L.A. asks from Kew Gardens, NY on February 03, 2011
Weaning Tips - Springfield Gardens,NY
Any suggestions/ good resources re: weaning off breastfeeding? I am a first time momma, and recently back to work. Our son is 3.5 months old. I am currently breastfeeding at 6:30 am, pumping at the office, and feeding at 6:30 pm + 9 pm but would like to stop at the end of the month. Any tips on how to accomplish this?
How do I make it easer for me? how do I make it easier for him? Do I stop feeding cold turkey? do I skip a pumping/ feeding session? do I just limit his time at the breast? I've heard that cabbage leaves are helpful. is that necessary/ reasonable? Thus far, I haven't experienced leaking, will that be a problem when I wean?
A.P. answers from New York on February 04, 2011
What I would suggest to to first start by eliminating the pumping. How many times are you pumping? Eliminate one at a time. Give yourself a couple of days between eliminations. If there is no particular reason that you MUST wean, you could still nurse at the times you currently do. If you are set on weaning at this time after you have eliminated your pumping start with the 6pm nursing. Again, give your baby and your body time to adjust to the elimination and then choose either the morning one or the late night one. Following the same pattern.
A.L. answers from Washington DC on February 03, 2011
I weaned my daughter by cutting out one feeding at a time and had no engorgement issues. I was uncomfortable for a few days while my body adjusted, but the discomfort wasn't bad enough for me to bother doing anything about. I would start with cutting out whichever feeding you feel would be the easiest to eliminate. Usually the night feeding is the hardest to get rid of, but not in every case. My daughter dropped the night feeding herself. Once you have successfully cut out one feeding and are physically comfortable yourself (i.e., your breasts aren't full at that time), cut out another one. It only takes a few days for your breasts to adjust.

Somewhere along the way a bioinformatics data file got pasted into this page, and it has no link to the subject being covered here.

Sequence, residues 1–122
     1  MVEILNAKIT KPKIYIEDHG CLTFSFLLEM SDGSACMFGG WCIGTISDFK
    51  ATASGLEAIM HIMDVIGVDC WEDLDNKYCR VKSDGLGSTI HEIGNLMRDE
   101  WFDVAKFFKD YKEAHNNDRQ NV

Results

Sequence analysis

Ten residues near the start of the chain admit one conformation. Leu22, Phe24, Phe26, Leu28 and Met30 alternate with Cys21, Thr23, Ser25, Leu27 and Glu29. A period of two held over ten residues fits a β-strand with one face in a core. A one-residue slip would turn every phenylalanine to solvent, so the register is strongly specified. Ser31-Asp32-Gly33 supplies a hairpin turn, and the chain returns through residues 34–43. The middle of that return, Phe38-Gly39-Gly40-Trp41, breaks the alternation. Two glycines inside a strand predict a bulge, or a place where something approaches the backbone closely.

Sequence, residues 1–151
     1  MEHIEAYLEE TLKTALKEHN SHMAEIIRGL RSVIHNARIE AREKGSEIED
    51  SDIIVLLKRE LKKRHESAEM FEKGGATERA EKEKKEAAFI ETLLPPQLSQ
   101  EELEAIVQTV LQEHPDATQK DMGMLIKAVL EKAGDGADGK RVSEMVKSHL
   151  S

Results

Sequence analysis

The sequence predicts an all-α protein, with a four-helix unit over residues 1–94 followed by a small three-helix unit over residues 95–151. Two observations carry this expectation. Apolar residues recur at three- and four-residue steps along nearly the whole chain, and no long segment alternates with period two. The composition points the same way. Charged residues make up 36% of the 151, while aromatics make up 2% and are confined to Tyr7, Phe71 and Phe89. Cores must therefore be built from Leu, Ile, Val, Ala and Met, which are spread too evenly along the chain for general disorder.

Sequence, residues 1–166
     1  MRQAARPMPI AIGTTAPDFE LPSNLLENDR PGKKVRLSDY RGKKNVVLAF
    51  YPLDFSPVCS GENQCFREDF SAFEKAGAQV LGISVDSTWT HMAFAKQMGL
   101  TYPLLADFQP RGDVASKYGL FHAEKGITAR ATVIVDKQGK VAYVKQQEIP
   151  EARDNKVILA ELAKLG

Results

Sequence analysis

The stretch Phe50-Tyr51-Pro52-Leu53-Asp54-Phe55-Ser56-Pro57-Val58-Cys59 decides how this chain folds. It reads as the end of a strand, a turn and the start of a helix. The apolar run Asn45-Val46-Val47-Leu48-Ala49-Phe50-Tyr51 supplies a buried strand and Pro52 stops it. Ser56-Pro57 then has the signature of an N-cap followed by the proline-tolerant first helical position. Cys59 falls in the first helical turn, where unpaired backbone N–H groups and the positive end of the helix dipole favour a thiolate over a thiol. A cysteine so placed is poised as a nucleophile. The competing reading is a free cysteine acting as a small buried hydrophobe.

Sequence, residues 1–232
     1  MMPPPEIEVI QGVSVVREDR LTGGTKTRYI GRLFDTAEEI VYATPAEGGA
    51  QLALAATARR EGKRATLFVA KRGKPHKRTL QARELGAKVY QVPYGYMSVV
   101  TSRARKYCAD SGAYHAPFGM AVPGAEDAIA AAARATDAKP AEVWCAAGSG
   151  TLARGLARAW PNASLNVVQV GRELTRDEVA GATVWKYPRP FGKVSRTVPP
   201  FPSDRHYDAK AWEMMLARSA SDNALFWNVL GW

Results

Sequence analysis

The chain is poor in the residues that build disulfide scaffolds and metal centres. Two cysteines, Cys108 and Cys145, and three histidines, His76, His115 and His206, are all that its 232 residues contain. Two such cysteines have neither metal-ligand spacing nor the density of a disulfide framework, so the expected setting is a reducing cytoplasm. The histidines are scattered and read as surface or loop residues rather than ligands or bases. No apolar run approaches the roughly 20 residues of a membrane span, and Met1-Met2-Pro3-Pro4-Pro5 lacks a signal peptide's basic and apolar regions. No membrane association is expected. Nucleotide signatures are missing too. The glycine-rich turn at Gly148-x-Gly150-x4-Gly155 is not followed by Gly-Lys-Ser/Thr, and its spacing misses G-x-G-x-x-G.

Do not pump at the time you would normally feed -- your body will never learn not to make milk at that time if you are pumping.
Good luck! I'm sure you'll find it is easier than you think.
M.O. answers from New York on February 04, 2011
I hope you won't mind if I respectfully encourage you to reconsider this decision. 3.5 months, or even 4 months, really isn't old enough for your son to get the full benefits of your "liquid gold." If it's not possible for you to pump enough for all his nutritional needs, can't you continue to do what you're doing -- a mix of breastfeeding and formula? You can slowly increase the percentage of formula if you need to (and if you do it gradually enough, you'll probably resolve all of the weaning issues right there), but at least you'll be giving him the lifelong immunity, intelligence, and protection from obesity he needs! (Not to mention that you'll be reducing your own risk of breast cancer.)
C.O. answers from Minneapolis on February 03, 2011
When I weaned I did it slowly. Like if it took 1/2 hour for them to nurse then I cut it down to 20 minutes and gave them regular milk. My kids were both over a year when I weaned so we never did formula, we went to whole milk. Then after a week I went to 10 minutes and then eliminated that nursing session. I only did one session at a time and I was still pumping at my regular time too. I eliminated the pumping last and the same way. I think doing gradually was easier and more pain free. Oh you will feel pretty full if you do it too quickly.